A Missing Link in the War Against Knee Injuries

One of the most common complaints in sports is Knee pain and / or knee injury.

If you look at injury statistics, most common field sport injury is the knee.

David Moran, from Kerry GAA blew out his cruciate last year

David Moran, from Kerry GAA blew out his cruciate last year

This article in the Independent yesterday for example:


The best part?

The statistic is for non-contact injuries.

How is this so?

Why is the knee so vulnerable?

Is it really that weak, or is there something that we’re missing?

In my opinion, something is being over looked.

And that, my dear reader, the the movement of the joints BELOW the knee.

In most cases I talk to lads coming back from knee injury and their physio has given them hip and glute strength exercises, which is fair enough and necessary. But when I look down, their feet are flat and deformed looking.

Consider how we have 33 joints in each foot.


Consider how the foot should have three arches and the ability to move from pronation though to supination.

And consider what might happen of that ability is lost.

That movement has to happen somewhere.

Then consider how the industry as a whole freak out at the thought of the knees tracking inside of the second toe, ie into Valgus.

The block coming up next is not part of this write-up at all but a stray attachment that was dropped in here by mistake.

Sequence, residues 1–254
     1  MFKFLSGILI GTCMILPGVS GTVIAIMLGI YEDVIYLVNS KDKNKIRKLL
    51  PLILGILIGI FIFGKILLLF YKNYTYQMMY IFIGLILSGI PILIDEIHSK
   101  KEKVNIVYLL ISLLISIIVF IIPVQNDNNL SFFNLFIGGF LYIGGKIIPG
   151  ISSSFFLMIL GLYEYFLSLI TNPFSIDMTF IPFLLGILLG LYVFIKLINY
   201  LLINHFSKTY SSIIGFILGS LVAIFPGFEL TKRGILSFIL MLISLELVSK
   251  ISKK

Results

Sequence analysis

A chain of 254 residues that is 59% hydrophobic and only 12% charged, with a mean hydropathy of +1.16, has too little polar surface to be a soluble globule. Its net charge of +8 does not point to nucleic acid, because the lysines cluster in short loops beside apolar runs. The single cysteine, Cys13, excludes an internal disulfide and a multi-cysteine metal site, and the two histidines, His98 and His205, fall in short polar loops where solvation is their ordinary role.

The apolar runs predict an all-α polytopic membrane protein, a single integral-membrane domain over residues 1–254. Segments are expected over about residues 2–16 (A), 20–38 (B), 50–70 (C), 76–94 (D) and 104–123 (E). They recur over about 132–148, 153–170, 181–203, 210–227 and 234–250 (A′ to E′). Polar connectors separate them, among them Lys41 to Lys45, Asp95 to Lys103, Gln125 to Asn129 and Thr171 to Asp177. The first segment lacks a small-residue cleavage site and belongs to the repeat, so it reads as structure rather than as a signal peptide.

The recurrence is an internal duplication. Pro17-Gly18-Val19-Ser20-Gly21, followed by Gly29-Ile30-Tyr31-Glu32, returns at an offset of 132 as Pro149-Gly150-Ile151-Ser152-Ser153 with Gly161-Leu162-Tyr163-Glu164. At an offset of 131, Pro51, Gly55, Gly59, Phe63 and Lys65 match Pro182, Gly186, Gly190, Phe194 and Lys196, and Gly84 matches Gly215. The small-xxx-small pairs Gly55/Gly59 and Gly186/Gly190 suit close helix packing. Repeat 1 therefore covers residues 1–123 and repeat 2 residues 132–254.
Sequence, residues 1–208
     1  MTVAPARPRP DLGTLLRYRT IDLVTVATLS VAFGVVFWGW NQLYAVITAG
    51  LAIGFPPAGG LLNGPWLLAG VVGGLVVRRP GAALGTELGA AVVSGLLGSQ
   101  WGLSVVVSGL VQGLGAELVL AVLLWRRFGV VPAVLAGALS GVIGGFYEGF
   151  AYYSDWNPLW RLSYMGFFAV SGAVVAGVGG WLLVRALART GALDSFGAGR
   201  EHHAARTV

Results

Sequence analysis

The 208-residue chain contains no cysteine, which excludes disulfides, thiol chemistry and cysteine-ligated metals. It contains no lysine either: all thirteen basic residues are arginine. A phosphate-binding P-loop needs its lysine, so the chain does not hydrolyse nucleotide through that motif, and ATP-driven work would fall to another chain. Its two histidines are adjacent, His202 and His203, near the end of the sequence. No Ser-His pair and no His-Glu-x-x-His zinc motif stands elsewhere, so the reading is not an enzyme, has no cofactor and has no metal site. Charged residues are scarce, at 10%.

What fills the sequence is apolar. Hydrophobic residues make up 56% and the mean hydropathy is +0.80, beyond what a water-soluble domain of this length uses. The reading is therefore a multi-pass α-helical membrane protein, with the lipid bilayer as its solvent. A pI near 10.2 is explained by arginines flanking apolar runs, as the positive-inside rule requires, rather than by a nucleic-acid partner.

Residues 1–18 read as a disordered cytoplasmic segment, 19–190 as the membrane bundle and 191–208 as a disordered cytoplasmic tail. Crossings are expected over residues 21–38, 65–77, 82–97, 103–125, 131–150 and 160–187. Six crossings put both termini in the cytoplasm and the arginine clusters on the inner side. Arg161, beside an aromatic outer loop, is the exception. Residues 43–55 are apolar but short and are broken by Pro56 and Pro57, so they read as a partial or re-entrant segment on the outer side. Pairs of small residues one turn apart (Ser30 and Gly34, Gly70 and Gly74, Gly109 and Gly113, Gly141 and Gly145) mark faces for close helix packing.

And if we don’t let the knee track inwards, how can the hip internally rotate when the foot is planted?

Where does that torque come out if the ball and socket joint of the hip doesn’t take it up?

football knee

The torque has to come out somewhere.

Where might that happen?

The poor old knee.

So what are we going to do about it?

We’re going to reconsider much of what the current fitness model espouses and hopefully bulletproof the knees by getting the joints above and below it to move more freely with strength and control.

And where possible do this in an integrated manner.

One of the fastest ways to achieve this is via the Anatomy in Motion flow motion model and it’s gait phase stretches.

These stretches promote the foot, ankle, knee and hip to load as an integrated system.

This essentially means that when the hip internally or externally rotates, that rotation is matched in the movement of the foot.